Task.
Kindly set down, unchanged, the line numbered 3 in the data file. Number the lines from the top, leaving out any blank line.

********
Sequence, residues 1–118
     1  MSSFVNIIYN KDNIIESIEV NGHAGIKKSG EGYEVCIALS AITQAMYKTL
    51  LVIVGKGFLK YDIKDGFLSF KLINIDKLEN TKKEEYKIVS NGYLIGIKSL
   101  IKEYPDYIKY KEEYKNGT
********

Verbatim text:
    51  LVIVGKGFLK YDIKDGFLSF KLINIDKLEN TKKEEYKIVS NGYLIGIKSL